In Welding Prod. v. Kuniansky, 125 Ga. App. 537, 538 (188 S.E.2d 278), this court said: "Under the law of this State, absent fraudulent concealment of known defects, a seller-builder who conveys the realty and improvements thereon after completion is not liable to the purchaser thereof for property damages allegedly resulting from negligent construction.Summary of this case from Holmes v. Worthey
ARGUED FEBRUARY 7, 1972.
DECIDED FEBRUARY 22, 1972.
Action for damages. Fulton Civil Court. Before Judge Wright.
Peek, Whaley Haldi, J. Robert Hardcastle, for appellant.
Shoob, McLain Jessee, M. David Merritt, for appellees.
This case is an appeal by a plaintiff subtenant who had sustained damage by collapse of a roof from a summary judgment granted to a general contractor who had constructed the building on land owned by him. Construction had been completed in 1966 after which the contractor-owner sold the property on August 1, 1966. The roof collapsed almost four years later on July 22, 1970.
The complaint names as defendants the general contractor-owner, the architect and his collaborator in the preparation of the plans and specifications, the roofer and the concern which placed the roof decking on the building, and the contractor who did the structural steel work for support of the roof. The contractor-owner is the sole defendant involved in this appeal.
The pertinent portion of the complaint alleges: "The collapse of said roof was due to the negligent and improper construction of the building and the roof by the co-defendant, Max Kuniansky, M. K. Construction Corp., Tip Top Roofers, Inc., and R. F. Burton Co. and S. D. Mullins Co., Inc., as well as the negligent and improper design of said building, roof and supports of roof by defendants, Norman Jaffe and O. C. Floyd, and the failure of all defendants to exercise reasonable care in inspecting said building and roof as the same was being constructed."
Defendant Kuniansky denied the material allegations of the complaint and moved for summary judgment supported by an affidavit in which he disposed that he, as a general contractor, had constructed the building in 1966 on his own land. He further deposed: "[S]aid building was built in strict compliance to plans and specifications furnished by the defendant, Norman Jaffe, an architect employed by Air Reduction Company, Inc., who was to lease the premises from your affiant. When said building was completed, it was sold on August 1, 1966, by your affiant to Caroline Realty Investments, Inc. The lease with Air Reduction Company, Inc. being assigned to Caroline Realty Investments. Inc. That at no time has your affiant dealt with, had an agreement with, or entered into any relationship with the plaintiff herein ... That your affiant was never aware of any defects in the construction of said building through August 1, 1966, the time said premises were sold to Caroline Investments, Inc." No evidence was offered by the plaintiff in opposition to this defendant's motion.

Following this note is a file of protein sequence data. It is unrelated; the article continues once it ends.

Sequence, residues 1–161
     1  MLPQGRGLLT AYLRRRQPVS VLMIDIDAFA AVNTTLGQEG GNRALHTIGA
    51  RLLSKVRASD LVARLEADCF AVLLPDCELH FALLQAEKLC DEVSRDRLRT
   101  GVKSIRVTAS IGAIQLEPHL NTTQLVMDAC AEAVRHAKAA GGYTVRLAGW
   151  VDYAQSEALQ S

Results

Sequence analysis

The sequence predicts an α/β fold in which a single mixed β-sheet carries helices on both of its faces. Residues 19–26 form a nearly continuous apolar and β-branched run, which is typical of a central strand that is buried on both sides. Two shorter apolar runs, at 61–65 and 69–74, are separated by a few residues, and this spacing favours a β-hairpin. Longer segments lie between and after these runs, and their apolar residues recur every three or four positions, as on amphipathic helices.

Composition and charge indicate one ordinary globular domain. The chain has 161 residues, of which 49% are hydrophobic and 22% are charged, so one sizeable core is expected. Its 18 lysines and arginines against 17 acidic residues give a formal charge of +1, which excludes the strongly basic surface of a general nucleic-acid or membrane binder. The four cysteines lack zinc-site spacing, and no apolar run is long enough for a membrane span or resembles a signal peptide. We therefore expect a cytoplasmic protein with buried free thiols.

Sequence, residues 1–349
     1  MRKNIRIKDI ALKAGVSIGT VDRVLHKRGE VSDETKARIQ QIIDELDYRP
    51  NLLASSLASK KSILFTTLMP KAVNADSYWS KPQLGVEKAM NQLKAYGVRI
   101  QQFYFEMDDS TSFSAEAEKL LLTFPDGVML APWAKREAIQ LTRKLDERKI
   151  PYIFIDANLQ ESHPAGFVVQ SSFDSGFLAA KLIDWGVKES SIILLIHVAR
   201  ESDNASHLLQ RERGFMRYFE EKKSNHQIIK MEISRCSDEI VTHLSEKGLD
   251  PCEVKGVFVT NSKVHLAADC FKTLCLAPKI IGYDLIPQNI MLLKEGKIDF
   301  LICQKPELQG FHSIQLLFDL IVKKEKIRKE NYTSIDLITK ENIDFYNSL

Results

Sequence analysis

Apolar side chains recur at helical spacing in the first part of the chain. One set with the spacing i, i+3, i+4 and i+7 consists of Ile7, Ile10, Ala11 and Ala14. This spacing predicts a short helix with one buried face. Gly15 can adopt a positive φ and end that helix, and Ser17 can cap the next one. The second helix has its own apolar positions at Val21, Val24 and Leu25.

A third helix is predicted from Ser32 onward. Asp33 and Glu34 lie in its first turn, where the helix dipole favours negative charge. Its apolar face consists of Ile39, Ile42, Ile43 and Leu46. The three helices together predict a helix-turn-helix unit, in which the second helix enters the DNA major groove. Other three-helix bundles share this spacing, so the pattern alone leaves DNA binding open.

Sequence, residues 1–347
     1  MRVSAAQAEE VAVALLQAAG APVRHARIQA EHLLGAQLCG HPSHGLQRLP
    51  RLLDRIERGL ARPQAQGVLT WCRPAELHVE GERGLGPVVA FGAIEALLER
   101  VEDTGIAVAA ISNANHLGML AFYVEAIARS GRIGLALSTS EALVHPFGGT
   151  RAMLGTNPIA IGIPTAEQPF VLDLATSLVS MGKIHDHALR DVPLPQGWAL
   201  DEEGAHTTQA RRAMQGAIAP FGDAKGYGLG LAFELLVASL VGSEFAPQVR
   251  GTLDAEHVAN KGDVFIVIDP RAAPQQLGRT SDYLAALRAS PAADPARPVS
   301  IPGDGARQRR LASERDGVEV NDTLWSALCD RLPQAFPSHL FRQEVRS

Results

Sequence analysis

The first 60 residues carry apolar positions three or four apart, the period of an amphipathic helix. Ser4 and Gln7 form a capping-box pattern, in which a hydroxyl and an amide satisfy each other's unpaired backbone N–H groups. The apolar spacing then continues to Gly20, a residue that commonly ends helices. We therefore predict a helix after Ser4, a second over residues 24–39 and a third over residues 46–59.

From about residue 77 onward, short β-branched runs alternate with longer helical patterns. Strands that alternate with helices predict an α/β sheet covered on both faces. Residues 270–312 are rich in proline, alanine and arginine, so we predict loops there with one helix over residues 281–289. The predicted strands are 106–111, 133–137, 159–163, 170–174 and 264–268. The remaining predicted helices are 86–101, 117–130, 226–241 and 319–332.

Under the law of this State, absent fraudulent concealment of known defects, a seller-builder who conveys the realty and improvements thereon after completion is not liable to the purchaser thereof for property damages allegedly resulting from negligent construction. Dooley v. Berkner, 113 Ga. App. 162 ( 147 S.E.2d 685). Cf. Amos v. McDonald, 123 Ga. App. 509 ( 181 S.E.2d 515); Reynolds v. Wilson, 121 Ga. App. 153 ( 173 S.E.2d 256). Where, as here, as a subtenant of the purchaser's tenant complains in negligence against seller-builder we have an a fortiori situation.
Cases such as Hunt v. Star Photo Finishing Co., 115 Ga. App. 1 ( 153 S.E.2d 602) and Cox v. Ray M. Lee Co., 100 Ga. App. 333 ( 111 S.E.2d 246) relied upon by appellant are inapposite. In Hunt it was held that a design engineer may be held liable for property damage caused by an inherently and intrinsically dangerous roof design. In Cox it was ruled that where the work of an architect or a contractor is accepted by the owner, the former are not liable to third persons for damages or injuries subsequently suffered by reason of the condition of the work, even though there was negligence in carrying out the contract, unless (1) the work is a nuisance per se or inherently or intrinsically dangerous or (2) the work done is so negligently defective as to be imminently dangerous to third persons.
For a general survey of the law which obtains in other jurisdictions on the question of a builder-vendor's liability under tort, warranty and contract of sale for loss, injury or damage caused by defective condition, see Annotation in 25 ALR3d 383.
It having been made to appear on summary judgment from the pleadings and evidence submitted there was no genuine issue as to the controlling facts and that the defendant was entitled to judgment, the trial court did not err in granting same. Crutcher v. Crawford Land Co., 220 Ga. 298, 302 ( 138 S.E.2d 580).
Judgment affirmed. Jordan, P. J., and Deen, J., concur.